Lucy Byard: 1877-1943: Her End Helped Regional Conferences to Begin – Part II

Lucy Byard: 1877-1943: Her End Helped Regional Conferences to Begin – Part II

Last month, we discussed the tragic event-the death of Lucy Byard-that served as the catalyst for a very good thing: The origin of Regional Conferences. I am indebted to Edwards Woods III, Religious Liberty and PARL Director, for the Lake Region Conference, for making me aware of the recent 75th anniversary of her passing.

Make no mistake about it, the advent of Regional Conferences has been a good thing for the Seventh-day Adventist Church. Consider these facts:

  1. When Regional Conferences began, there were approximately 18,000 Seventh-day Adventist in the United States, in 233 churches, with a total of $511,000 in tithe. As of the end of last year, there were 320,000 members in Regional Conferences, in over 1,200 churches, with 183 million dollars in tithe. 
  2. That means that the work in Regional Conferences has grown, since their inception, 1,500%. That is 4 times the rate of growth of the rest of the North American Division. 
  3. If all of the Regional Conferences were part of a Union Conference, that mythical “Regional Conference Union” would be the largest Union Conference in membership and tithe in the North American Division. 
  4. If the Regional Conferences were a world Division of the General Conference, they would be the 4th largest Division (out of what would then be 14 world Divisions-there are 13- the mythical “Regional Conference Division” would make the 14th) in the Seventh-day Adventist Church. 

So, while there are those who look at Regional Conferences as an unfortunate product of a bygone era, I would posit (to use a word that some of my more erudite ministerial colleagues like to use) that these figures demonstrate that God took a bad thing (Lucy Byard being denied admittance to a Seventh-day Adventist hospital by other Seventh-day Adventists-for the sole reason that she was black) and used it to perform a good thing.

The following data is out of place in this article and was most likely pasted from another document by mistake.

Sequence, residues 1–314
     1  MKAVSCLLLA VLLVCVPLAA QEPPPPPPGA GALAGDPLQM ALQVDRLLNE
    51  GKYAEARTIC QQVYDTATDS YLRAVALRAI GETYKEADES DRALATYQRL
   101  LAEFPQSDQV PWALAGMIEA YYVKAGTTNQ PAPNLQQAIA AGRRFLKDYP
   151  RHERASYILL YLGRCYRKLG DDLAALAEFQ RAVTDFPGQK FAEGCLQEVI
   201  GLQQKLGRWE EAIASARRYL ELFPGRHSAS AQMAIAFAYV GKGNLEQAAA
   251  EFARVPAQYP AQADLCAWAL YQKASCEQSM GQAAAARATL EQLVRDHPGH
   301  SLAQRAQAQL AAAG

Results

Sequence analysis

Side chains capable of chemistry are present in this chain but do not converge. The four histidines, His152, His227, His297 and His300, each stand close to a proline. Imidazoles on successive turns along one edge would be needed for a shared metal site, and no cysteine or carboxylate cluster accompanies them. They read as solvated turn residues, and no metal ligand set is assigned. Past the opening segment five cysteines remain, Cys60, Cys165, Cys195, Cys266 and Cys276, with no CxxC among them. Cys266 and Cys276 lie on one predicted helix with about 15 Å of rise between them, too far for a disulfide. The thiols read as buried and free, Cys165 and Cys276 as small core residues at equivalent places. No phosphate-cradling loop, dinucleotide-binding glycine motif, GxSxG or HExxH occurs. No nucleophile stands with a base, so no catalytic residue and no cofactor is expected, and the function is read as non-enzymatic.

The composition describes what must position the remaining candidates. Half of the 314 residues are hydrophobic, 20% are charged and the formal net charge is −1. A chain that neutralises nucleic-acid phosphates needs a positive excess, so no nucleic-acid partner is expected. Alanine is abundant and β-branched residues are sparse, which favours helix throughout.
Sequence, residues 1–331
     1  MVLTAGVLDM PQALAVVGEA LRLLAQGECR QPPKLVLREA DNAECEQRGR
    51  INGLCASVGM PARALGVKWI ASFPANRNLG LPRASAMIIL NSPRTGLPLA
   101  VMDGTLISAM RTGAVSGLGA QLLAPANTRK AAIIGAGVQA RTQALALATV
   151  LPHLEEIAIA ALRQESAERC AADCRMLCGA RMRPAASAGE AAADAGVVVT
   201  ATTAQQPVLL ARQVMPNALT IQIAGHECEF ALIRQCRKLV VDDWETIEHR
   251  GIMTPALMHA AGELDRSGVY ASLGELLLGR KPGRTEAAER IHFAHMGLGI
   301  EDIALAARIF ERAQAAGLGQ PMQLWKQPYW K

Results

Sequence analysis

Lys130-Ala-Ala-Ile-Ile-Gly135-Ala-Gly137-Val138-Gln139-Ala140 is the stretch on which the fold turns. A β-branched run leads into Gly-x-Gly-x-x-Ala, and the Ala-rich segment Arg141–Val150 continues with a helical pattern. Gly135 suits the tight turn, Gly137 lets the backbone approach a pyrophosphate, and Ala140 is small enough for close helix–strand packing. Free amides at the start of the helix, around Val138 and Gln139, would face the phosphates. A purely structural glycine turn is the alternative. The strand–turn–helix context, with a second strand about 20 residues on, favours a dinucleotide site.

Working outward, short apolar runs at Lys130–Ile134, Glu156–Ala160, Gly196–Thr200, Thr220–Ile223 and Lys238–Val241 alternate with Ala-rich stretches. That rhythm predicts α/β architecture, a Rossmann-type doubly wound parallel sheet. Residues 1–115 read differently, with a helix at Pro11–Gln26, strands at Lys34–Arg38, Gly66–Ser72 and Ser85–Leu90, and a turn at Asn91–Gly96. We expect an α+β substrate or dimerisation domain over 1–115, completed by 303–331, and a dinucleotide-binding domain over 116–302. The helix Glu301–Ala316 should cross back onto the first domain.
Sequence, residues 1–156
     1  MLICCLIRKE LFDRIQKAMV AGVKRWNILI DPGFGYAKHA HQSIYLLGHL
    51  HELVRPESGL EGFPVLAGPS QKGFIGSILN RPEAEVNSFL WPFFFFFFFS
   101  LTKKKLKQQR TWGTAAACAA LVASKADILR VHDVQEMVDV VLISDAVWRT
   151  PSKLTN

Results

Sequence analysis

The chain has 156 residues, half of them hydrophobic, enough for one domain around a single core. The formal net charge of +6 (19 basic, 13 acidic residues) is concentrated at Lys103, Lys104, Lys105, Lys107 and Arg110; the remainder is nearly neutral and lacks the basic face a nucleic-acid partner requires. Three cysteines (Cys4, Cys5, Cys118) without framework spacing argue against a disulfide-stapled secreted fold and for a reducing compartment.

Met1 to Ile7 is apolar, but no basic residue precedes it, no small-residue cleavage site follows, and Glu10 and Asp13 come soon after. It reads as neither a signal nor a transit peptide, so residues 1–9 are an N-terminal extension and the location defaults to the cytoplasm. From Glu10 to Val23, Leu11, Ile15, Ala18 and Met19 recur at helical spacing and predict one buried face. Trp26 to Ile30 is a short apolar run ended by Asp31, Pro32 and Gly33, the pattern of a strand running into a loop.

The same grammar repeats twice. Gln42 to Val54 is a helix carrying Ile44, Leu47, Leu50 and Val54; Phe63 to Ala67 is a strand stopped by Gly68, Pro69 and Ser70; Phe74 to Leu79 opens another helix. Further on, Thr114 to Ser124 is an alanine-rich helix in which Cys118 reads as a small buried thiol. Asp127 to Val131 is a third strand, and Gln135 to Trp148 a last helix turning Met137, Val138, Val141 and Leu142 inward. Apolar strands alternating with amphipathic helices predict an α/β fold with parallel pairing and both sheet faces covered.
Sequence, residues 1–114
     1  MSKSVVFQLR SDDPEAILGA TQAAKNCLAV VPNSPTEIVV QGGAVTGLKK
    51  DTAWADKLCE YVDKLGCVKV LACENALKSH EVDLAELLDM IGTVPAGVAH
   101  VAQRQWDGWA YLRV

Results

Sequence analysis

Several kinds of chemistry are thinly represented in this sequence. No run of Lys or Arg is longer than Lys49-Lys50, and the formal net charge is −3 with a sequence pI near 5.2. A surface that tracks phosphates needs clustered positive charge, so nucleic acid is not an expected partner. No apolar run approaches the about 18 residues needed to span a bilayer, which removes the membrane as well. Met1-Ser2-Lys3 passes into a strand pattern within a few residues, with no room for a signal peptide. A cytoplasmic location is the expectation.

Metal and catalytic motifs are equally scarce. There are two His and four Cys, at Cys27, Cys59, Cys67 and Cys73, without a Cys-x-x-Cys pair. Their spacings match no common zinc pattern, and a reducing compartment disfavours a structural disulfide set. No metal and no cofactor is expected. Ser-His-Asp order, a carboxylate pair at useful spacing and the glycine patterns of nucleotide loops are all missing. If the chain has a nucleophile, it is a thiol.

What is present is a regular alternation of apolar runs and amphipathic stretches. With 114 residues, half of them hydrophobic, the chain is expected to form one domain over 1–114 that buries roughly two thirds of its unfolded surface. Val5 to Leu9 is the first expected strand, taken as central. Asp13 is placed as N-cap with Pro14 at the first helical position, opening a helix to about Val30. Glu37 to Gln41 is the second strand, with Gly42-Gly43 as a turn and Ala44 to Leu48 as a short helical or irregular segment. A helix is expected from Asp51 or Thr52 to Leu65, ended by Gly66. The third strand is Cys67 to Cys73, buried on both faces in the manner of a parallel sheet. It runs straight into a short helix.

Which, I suppose, is the first lesson that we learn from this story:

God specializes in taking bad things and turning them into something good. You may be experiencing some challenges in your life right now-know this: God has already provided a way for that bad thing to turn into something good. In fact, at this very moment, He may be working and changing and re-arranging the circumstances of that bad thing and turning it into one of the best things in your life.

Years ago, when I was Youth Director, there was a young lady in one of our churches. She was in high school. She had everything going for her. Very smart, attractive, gifted, involved in her church, from a good family-a seemingly limitless future.

But one day, she came to her parents with those 2 words that every parent of a teenage girl live in fear that they will hear: “I’m pregnant”. The mother-in particular-was absolutely devastated. I suppose the father was as well, but it was the mother that came to me-absolutely broken. What would become of her gifted child?

I spoke with her and then, sent her to my wife-so that they could talk-mother to mother.  I do not know what my wife told her, but the Lord seemed to use her to help that poor mother.

But here is what I do know: That young lady had her baby. And even though it must have been difficult, with the help of her family, she finished high school. She went on to college, finished that and became a very successful professional. Meanwhile, that mother learned what pretty much every grandparent learns: Even if they do not come the way you planned for them to come, grandchildren are one of the greatest gifts that God can ever give. In fact, grandchildren are a parent’s reward for everything children put parents through while they are parents.